Pedersen was cleared of criminal wrong doing in Trerice’s death but was given a nonpunitive letter of caution on the matter. But the Navy’s political opponents had his name and a grudge to settle. When the promotion lists came up the next year, Pedersen was informed Senate opposition was too great, and he was never going to make admiral. In the Navy, it is up or out, so in 1983 Pedersen left the Navy after 29 years.
Man, Not the Machine
Pedersen describes his semi-forced retirement philosophically. After two failed marriages while in service, it allowed him to reconnect with his high school flame, and this led to a successful third marriage. It also allowed him to get closer with his grown children. But the lost time proved mostly impossible to regain.
One night I was aboard ship, ready to take my first ship command, when I got a phone call. Somehow my eight-year-old son had found my direct number. . . ‘Please, Dad. Come back… everyone else has a dad home with them. I don’t.’ . . .
I have one regret in my twenty-nine-year career: It was brutal on my family.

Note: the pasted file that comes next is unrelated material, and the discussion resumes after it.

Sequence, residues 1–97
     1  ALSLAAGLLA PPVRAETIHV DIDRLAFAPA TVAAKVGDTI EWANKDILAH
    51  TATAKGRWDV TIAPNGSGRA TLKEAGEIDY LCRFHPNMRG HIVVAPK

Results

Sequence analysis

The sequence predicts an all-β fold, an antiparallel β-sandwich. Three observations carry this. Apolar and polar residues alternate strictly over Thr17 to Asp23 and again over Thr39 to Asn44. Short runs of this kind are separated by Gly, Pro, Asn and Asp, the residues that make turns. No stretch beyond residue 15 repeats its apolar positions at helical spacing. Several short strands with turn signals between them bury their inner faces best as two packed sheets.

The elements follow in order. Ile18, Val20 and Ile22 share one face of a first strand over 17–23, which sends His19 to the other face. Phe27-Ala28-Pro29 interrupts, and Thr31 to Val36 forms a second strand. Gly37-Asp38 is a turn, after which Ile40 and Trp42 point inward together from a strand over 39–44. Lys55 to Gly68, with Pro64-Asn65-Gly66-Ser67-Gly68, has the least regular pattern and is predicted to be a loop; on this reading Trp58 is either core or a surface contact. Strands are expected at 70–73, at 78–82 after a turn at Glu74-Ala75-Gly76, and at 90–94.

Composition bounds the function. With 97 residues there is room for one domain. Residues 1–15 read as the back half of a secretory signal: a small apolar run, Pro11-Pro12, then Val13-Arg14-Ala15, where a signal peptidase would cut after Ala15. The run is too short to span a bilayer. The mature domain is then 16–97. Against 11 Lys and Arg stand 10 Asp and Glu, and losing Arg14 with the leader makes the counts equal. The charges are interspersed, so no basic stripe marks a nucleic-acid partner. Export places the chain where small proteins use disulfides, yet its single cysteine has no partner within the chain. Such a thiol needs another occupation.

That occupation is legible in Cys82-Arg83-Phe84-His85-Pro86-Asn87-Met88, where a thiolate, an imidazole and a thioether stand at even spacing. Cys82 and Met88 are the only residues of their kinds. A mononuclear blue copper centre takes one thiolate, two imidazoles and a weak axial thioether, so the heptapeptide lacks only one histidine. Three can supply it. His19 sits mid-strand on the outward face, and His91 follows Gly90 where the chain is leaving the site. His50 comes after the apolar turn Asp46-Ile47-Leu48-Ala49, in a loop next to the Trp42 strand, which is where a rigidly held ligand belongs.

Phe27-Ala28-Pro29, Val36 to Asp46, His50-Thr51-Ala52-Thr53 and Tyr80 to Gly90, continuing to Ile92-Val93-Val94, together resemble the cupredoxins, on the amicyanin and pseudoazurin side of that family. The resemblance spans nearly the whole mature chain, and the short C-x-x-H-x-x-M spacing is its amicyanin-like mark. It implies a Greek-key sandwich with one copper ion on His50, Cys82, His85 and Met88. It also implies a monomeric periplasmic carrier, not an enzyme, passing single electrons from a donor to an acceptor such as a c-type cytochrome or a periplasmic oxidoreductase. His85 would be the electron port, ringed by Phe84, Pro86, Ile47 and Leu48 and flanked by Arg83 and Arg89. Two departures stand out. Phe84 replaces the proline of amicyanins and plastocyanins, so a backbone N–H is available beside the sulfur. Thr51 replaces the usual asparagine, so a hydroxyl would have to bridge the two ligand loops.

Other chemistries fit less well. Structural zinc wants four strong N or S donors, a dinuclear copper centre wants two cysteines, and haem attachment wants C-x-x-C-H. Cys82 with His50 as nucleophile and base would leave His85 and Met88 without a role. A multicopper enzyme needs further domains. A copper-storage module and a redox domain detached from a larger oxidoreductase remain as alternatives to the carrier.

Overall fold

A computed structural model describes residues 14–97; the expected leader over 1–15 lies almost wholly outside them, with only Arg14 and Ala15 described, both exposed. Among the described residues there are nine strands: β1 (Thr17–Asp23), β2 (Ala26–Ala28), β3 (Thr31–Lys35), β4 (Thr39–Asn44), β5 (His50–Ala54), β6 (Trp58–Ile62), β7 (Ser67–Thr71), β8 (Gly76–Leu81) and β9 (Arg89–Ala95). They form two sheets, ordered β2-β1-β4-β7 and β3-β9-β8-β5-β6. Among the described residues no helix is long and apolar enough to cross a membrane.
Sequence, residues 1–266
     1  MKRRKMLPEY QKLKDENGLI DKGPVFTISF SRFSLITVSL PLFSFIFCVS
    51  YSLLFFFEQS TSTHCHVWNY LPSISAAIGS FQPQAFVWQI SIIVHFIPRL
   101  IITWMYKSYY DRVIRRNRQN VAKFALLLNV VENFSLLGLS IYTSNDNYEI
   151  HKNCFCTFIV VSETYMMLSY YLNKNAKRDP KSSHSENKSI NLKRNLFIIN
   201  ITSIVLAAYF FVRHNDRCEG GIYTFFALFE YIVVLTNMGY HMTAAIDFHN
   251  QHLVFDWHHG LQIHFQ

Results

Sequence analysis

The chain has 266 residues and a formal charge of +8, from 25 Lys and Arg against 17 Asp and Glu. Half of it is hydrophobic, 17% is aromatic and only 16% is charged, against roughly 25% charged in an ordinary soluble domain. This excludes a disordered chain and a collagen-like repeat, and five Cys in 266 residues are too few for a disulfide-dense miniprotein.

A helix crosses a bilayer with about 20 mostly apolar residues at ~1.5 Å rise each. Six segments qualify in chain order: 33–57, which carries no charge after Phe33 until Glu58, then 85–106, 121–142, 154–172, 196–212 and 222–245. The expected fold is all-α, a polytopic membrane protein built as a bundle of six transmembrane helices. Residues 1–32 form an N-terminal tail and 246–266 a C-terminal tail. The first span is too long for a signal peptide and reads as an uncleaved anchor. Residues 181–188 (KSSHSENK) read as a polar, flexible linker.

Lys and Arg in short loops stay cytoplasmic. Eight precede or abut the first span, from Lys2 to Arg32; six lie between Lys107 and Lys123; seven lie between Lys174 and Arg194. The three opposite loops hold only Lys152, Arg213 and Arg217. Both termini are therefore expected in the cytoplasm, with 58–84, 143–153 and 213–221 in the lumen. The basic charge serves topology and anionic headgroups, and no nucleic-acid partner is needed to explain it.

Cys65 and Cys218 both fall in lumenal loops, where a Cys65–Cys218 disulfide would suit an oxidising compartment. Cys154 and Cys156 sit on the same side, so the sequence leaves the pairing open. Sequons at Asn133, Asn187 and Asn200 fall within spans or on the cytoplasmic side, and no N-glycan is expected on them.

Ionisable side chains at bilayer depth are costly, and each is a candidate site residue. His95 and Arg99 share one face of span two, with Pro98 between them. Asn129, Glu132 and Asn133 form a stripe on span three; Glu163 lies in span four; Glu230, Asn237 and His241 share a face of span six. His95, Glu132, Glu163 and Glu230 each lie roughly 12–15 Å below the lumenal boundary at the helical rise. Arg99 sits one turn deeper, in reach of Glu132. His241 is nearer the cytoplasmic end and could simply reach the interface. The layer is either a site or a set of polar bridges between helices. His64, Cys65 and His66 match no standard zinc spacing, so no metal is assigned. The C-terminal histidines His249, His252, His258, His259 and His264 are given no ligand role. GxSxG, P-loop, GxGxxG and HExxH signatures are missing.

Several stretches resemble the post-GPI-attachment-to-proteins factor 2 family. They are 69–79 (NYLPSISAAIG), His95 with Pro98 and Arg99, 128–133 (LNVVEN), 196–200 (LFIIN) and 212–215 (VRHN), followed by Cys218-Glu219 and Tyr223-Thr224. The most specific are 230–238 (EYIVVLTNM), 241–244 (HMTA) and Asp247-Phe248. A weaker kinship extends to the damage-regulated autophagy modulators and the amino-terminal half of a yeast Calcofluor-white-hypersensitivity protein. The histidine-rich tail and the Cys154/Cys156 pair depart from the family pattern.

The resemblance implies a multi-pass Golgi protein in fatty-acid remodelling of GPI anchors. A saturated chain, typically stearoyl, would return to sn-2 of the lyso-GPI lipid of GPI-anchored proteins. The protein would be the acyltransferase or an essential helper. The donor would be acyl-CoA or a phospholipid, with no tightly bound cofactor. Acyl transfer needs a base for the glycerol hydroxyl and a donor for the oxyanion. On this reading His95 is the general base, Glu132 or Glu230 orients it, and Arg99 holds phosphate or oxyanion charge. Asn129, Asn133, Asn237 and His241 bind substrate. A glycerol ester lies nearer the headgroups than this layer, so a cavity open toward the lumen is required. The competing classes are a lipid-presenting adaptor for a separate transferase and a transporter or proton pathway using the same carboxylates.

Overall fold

The words are affecting because for the most part Pedersen avoids maudlin dwelling on his own psychological sacrifice. This is likely due to the ministrations of ghostwriter coauthor John R. Bruning, Jr., himself a capable military historian.
There is also a fascinating sidebar history of Pedersen’s Israeli pilot friends and Topgun trainees during the Yom Kippur War, and a moving recollection of airlifting thousands of Vietnamese boat people onto American ships after Vietnam was lost. There’s even a bit on the movie. Throughout, Pedersen sticks doggedly to his theme of explaining the purpose of the American jet fighter, and the American jet fighter pilot by telling his own story.
What matters is the man, not the machine. . . A good pilot should have a strong family background with a patriotic mindset and a self-starting work ethic. He should believe in something greater than himself while remaining self-reliant and confident without being overbearing. (Some ego is necessary—I wouldn’t want a soul filled with doubt flying my wing.) An athletic background helps, because when properly coached at the right age, youngsters learn trust, teamwork, and goal setting. They’ll need all those things in the air.
Pedersen speaks glowingly of the exploits of his compatriots and fellow instructors. His reticence to toot his own horn, however, while refreshing, leaves us to intuit how dangerous, cool, and legendary the personal exploits Pedersen recounts might have been viewed by others. Perhaps historians will one day fill in that portion of the story of the original Topgun.